Nightwish has changed since Once. But it's not as shocking a transition as you might think. The sudden departure of Tarja Turunen in 2005 was nothing short of traumatic for the fans – as well as the band, from the sound of the first two tracks of Dark Passion Play.
One signature element of a Nightwish album is an epic ballad, usually right near the end. Not this time. “The Poet and the Pendulum” opens the album with nearly fourteen minutes of exceptional, ruthless metal. Imagine "Planet Hell," but more. In the lyrics, we see the dark in Dark Passion Play. There are some disturbing moments in this song. It's noteworthy that Tuomas Holopanien, songwriter and keyboardist for the band, hauntingly describes his own death in “the year of our Lord 2005.” This is a song about uncertainty and suffering. Some of the imagery the lyricist invokes leaves me feeling uneasy. Undoubtedly, that was the aim. The song drives and pounds, swells, and releases with a slow, melodic outro.
Perhaps appropriately, new singer Anette Olzon is not the first voice we hear on the track, but she is the last. Let's get the inevitable comparisons out of the way. Right away, we notice Anette has more grit in her voice than Tarja ever did. She's definitely not an opera singer, nor does she attempt to be. She's different. But she's fantastic. She's versatile. Her voice is a crystal laser. She will destroy you if she must. She's not Tarja, and I'm okay with that. One track in, and I like where this is going.
But the last word on Tarja has not been spoken until track two, “Bye Bye Beautiful.” If the metal movements of the first track were driving, the beat of this track is just brutal. Pounding guitars give way to Anette's melodic verse, invoking Nightwish's old trick: lure 'em in with a siren song, then blast 'em with the chorus. By the time the drums hit, it's too late. Marco Hietala's in your face, killing you. It took a live concert and a Megadeth cover for me to learn to appreciate the bassist's vocals, but now, he's in rare form. His angry viking voice is only appropriate for the lyrics it hurls: "did you ever read what I wrote you / did you ever hear what I told you..." and so on. Don't worry. The song is actually more hopeful than it initally sounds. But at its end, the matter, for the moment is closed. Catharsis done. On to business, with "Amaranth."
We saw shades of Nighwish using pop elements in "Romanticide" and "Wish I Had an Angel." "Amaranth" is the logical conclusion. The orchestra is still in the background, but it's in a major key. The vocals still soar, but Anette actually vamps a little in there. Really, some of the little vocal touches she throws in make the song for me. Listen for that moment of gravel in the bridge, and the hint of a scream at the end. Mmm. The first two tracks speak to the past, and this one runs headlong into the new.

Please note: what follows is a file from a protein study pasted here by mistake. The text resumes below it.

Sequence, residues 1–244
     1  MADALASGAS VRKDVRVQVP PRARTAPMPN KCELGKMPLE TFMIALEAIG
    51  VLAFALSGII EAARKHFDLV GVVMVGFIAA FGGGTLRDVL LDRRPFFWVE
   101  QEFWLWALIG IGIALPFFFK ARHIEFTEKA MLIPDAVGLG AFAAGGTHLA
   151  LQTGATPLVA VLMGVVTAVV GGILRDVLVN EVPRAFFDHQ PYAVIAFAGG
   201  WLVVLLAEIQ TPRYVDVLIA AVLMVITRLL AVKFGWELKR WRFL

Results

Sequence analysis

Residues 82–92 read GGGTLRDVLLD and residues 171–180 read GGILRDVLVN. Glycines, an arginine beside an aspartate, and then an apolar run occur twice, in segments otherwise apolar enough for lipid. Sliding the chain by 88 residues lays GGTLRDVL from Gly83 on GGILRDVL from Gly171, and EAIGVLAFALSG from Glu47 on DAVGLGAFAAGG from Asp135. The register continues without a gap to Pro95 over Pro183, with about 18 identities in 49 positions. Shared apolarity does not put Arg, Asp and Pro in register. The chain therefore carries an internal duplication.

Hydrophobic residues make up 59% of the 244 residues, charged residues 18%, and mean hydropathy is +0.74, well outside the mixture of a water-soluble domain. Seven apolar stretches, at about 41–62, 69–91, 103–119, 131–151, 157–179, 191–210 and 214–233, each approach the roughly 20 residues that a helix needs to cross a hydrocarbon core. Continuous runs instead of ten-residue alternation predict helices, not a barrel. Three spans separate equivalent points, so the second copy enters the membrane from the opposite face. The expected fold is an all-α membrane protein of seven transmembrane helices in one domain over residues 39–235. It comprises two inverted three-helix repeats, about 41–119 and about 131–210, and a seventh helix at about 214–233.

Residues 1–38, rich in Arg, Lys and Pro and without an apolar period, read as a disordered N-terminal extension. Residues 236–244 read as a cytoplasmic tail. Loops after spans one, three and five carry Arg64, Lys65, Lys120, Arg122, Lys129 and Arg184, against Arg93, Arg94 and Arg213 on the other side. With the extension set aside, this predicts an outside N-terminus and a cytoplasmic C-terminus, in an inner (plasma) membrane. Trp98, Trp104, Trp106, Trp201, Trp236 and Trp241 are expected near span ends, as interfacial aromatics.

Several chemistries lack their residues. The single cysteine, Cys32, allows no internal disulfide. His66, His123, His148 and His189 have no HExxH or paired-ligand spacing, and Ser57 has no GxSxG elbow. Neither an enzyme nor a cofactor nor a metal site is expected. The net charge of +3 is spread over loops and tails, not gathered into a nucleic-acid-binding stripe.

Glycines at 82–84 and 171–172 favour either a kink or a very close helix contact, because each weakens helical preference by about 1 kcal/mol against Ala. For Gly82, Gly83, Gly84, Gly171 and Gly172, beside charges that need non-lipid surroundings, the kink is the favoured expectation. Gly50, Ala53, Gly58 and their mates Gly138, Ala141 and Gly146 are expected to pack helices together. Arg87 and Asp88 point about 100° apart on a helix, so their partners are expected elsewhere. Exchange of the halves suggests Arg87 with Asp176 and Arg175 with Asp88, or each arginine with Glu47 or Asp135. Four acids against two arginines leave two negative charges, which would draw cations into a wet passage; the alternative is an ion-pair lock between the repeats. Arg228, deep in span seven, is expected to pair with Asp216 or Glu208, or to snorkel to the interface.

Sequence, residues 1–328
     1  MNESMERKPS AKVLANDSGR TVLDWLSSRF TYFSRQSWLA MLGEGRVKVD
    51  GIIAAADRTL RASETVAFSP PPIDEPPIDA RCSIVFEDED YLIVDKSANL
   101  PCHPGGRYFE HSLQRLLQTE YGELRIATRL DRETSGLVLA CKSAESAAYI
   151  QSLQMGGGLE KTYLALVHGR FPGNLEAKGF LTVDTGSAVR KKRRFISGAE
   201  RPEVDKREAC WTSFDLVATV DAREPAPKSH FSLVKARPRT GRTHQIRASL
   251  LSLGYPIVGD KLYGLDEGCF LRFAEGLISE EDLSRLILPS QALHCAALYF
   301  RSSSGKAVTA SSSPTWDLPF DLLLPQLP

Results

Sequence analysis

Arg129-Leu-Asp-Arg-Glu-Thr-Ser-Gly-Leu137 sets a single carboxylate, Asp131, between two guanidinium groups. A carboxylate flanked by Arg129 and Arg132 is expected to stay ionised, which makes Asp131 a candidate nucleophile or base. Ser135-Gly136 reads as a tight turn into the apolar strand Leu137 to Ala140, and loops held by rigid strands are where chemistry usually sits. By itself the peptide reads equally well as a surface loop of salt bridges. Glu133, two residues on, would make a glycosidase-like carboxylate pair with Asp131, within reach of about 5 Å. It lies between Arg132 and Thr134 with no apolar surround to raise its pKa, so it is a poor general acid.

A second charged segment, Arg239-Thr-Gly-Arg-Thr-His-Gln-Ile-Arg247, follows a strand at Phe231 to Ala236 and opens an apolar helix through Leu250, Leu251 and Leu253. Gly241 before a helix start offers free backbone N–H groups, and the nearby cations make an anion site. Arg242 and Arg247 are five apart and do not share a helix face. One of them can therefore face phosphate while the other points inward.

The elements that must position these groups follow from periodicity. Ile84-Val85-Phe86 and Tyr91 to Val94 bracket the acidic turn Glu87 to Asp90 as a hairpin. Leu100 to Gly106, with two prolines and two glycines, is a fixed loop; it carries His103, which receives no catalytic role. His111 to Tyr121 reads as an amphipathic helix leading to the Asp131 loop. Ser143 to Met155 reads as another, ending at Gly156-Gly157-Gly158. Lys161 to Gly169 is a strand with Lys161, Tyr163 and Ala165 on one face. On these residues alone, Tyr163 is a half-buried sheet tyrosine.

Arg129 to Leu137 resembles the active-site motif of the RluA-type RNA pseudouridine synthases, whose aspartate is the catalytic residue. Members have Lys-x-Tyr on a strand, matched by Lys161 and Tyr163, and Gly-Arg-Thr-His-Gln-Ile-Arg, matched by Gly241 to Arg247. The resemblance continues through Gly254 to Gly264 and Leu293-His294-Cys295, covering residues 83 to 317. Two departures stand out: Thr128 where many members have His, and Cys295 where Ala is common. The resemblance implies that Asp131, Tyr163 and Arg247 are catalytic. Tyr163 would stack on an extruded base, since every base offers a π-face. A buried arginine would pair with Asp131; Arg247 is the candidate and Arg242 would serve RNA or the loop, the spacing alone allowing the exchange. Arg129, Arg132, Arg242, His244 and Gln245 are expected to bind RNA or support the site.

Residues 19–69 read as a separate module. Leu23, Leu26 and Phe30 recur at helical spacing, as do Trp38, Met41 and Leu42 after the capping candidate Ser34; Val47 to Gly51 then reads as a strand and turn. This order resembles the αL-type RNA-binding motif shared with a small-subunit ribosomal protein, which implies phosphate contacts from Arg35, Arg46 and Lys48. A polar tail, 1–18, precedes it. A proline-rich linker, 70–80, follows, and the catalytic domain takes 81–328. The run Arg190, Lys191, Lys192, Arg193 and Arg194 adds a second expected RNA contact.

And then they throw "Cadence of Her Last Breath" in there, just to show us what Evanescence should have been. Honestly. It's like they sat Amy Lee down in the studio and said, "No no no, honey. Like this." Again, the orchestra is there, and hints of the choir. This is fully Nightwish. But in all reality, it's a really hard alternative song. I honestly think this song is on the CD just to prove they could do it.
Speaking of proving something, the next track is "Master Passion Greed." Question: has Marco ever had a song to himself and the choir? Hmm. If he did before this point, would it have worked as well? Turns out he's pretty versatile, too. Screaming, growling, generally menacing the audience, all the while thumping away on the bass. The tempo changes and expert, sparing use of the orchestra get me fired up. The song is rough overall, though, and the use of synth at the beginning is borderline awkward. Get past it, however, and you'll find an angry metal anthem worth listening to.
Eva: slow song. Pretty.
Sahara. Oh, my goodness. If at this point, you're wondering, "what happened to the Nightwish I knew and loved?" ...here they are. I don't care if the Arabian Nights took place nowhere near the Sahara. This may be my new favorite Nightwish song.
The album has more surprises in store, not least of which are a Celtic-style ballad and a gospel choir. No, that wasn't a typo. For the moment, I'll leave you to wonder, or listen for yourself.